Shifting Conversation Dynamics


I’ve been thinking a lot about divisions lately because the ones in our country seem to only grow deeper. Even in a national crisis we’ve been unable to find common ground.


There was a time when people believed the internet and social media would unite us. We’ll be able to learn from anywhere! Telemedicine will help rural communities! Scientific collaboration! Information at our fingertips! People with similar interests will be able to find one another!


A lot of that has come to fruition, and people have found each other, just not always in the way it was envisioned. True, we can discover others - who might share our love for an obscure Tibetan poet or with whom we might share a third great grandfather (hey, we’re cousins!) - but it’s also true that conspiracy theorists and white supremacists now easily discover and amplify each other. Our ability to join up with each other based on similarities has also allowed us to create nearly impenetrable bubbles.


One of the worst elements of the internet and social media is the freedom a screen gives people to say things – either in content or tone - they’d never dream of saying to a human being standing in front of them. Sometimes I read exchanges on Facebook or Twitter and just think, Yikes. We’re doomed. When we write emails and texts to people we know, most of us try hard to get the tone right, often throwing in exclamation marks (yes!) and friendly emojis to convey amiability. On social media, the id triumphs: when in doubt, take the most aggressive tack possible.


All of which leads me to an interesting New York Times article/interactive from back in May. The interactive asked readers to choose the best responses in a hypothetical conversation with a vaccine-hesitant person, but the lessons seem useful for any conversation one might have with anyone about anything. I was delighted to find that the strategies for effective communication and bridge-building aligned well with our indicators of Radically Reimagined Relationships (RRR). You may want to take a look yourself before you continue reading: https://www.nytimes.com/interactive/2021/05/20/opinion/covid-19-vaccine-chatbot.html?action=click&module=Opinion&pgtype=Homepage.


The article/interactive ultimately presented four main research-based strategies to think about in our interactions with others. All of them require us to see the other person as a person and to perhaps tone down a tendency to judge and instruct.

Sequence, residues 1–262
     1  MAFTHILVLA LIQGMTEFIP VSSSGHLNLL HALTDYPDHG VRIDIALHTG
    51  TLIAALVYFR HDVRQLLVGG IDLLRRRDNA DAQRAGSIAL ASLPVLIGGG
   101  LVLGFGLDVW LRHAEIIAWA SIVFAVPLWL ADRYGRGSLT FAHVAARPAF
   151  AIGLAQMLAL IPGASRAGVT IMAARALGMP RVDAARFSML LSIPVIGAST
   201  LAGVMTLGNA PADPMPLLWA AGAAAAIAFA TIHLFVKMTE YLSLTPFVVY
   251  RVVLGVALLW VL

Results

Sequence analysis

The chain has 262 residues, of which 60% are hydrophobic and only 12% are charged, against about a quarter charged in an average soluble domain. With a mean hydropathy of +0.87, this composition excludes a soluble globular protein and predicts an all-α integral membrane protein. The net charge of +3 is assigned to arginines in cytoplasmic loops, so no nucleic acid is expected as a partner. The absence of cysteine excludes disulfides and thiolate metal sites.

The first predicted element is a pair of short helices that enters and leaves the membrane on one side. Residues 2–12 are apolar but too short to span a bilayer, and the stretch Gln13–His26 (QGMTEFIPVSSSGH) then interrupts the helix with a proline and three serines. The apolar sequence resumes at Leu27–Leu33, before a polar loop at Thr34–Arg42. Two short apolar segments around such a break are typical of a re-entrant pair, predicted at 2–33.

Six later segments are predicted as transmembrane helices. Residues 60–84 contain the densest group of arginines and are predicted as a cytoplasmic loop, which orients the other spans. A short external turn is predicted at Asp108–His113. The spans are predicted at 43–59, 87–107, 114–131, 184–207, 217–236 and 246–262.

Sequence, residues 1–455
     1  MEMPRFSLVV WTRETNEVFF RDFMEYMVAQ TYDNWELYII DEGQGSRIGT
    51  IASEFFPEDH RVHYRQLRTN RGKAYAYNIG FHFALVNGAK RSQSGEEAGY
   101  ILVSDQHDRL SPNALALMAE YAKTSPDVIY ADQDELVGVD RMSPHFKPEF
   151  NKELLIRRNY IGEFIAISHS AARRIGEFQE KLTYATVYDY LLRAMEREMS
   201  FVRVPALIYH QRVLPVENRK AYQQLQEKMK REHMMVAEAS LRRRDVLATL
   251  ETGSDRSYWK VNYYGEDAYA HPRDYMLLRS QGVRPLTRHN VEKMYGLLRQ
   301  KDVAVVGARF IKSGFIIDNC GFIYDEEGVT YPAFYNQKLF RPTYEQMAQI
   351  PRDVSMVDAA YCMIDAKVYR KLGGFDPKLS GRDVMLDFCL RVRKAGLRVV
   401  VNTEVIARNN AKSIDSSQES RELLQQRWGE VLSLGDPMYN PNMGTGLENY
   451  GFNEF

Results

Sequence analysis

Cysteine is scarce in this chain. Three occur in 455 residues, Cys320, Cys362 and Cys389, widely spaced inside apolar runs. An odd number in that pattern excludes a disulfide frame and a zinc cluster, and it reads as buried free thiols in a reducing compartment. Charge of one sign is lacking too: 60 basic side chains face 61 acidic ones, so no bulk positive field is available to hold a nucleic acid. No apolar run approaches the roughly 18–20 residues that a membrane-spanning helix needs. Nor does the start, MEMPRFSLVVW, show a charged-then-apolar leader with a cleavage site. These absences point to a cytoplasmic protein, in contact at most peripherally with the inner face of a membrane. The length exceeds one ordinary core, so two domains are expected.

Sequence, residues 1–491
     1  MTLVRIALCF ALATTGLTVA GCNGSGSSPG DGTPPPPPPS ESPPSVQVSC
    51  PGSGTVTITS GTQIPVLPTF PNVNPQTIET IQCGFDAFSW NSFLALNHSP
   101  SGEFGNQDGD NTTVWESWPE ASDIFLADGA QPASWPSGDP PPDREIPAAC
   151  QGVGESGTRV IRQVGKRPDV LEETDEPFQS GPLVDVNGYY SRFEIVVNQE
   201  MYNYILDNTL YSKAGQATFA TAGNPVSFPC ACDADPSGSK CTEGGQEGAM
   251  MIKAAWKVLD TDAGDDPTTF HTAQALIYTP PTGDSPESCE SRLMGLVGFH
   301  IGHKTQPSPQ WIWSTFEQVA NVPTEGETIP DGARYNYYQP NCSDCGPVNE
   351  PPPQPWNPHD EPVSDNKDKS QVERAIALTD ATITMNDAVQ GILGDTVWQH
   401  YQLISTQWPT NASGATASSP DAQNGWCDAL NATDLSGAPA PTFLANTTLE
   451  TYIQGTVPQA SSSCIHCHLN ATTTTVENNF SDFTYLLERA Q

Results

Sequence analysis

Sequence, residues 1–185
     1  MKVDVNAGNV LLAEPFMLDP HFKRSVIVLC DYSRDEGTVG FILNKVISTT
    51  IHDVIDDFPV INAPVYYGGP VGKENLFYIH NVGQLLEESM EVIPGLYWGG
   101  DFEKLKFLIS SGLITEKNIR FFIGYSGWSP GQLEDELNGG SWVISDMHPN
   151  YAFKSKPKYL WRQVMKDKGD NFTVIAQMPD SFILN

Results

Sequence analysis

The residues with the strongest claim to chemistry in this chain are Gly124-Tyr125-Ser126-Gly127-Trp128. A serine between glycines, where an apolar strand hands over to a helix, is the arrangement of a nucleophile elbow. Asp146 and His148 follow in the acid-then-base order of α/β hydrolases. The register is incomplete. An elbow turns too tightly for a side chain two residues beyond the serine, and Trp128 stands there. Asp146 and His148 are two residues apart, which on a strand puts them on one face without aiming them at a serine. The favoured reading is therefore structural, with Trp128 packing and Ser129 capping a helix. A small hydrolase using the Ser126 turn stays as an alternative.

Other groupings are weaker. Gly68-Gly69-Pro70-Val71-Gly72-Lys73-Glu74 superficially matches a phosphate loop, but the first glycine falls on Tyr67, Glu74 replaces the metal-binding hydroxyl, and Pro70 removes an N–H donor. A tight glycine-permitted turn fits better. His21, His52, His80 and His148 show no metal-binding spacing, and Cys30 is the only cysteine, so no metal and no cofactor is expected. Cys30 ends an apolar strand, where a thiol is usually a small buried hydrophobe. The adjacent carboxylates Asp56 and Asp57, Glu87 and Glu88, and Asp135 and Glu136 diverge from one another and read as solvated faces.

1. Safety and Rapport. Building rapport doesn’t mean agreeing (especially if it’s something you find repugnant), but it does mean withholding expressions of judgment until the other person has had a chance to express themselves. It can mean asking questions to understand their position or concerns more fully, or genuinely trying to find some areas where you can empathize or agree. When we talk about RRR in schools, safety and rapport are very much a part of our core indicator of Connection and Belonging. Without an authentic relationship, we are unlikely to change anyone’s mind or help anyone learn.


2. Respect for Autonomy. In terms of vaccinations, it’s clear that we each must make our own choices about our healthcare. Much as I might like to, I can’t force anyone to get a shot they don’t want or don’t trust. (Our desire for autonomy is built into our DNA. Ask any toddler.) So, when we want to persuade someone of something – anything - they will need to feel our respect for their autonomy. Respect for autonomy could fit under a few of our indicators of RRR, but it might fit best under Agency and Trust. When we recognize that our students and colleagues have their own opinions, desires, and ambitions, we are far less likely to hand down imperious directives and far more likely to start a conversation.


3. Understanding and Compassion. Genuine empathy and curiosity might not immediately cause someone to come around to your view, but they are traits that help form relationships. Over time, relationships are a powerful tool for growth and change. With RRR, we talk about this idea most under our indicator, Dispositions of Humility, Care and Curiosity. When we bring humility to an interaction, we are far more able to think kindly about the other person and consider their points of view. Students are people. They make mistakes. Our colleagues are people. They won’t be perfect. We’re human, too. We won’t be perfect either.


4. Collaborative Learning. People don’t learn or change by being lectured to. Learning is strongest when we are doing something, talking about it with others, and experiencing it for ourselves. In the vaccine interactive, responses like, “I was worried about that, too 😖 Can I share some stuff that made me feel better?” were posited to work much more effectively than responses like, “Wait, wait, wait 😐are you an anti-vaxxer?” In terms of RRR, I’d put this strategy under Shared Purpose and Responsibility, and I’d also include it with Authentic Learning Experiences. When we are collaborating, we are far less likely to try to win the debate or “own” the other side. We can still make our points, but we might make them differently.


I found the interactive helpful. While I was able to choose the most effective answers pretty easily with the options laid out in front of me, I was also able to recognize a few types of responses I might employ if I weren’t thinking hard about it.


If we want to change someone’s mind about something, our time is probably better spent in a real conversation than online - but in either case, it couldn’t hurt to evaluate our conversational content and style against these strategies before uttering any words or pressing Send.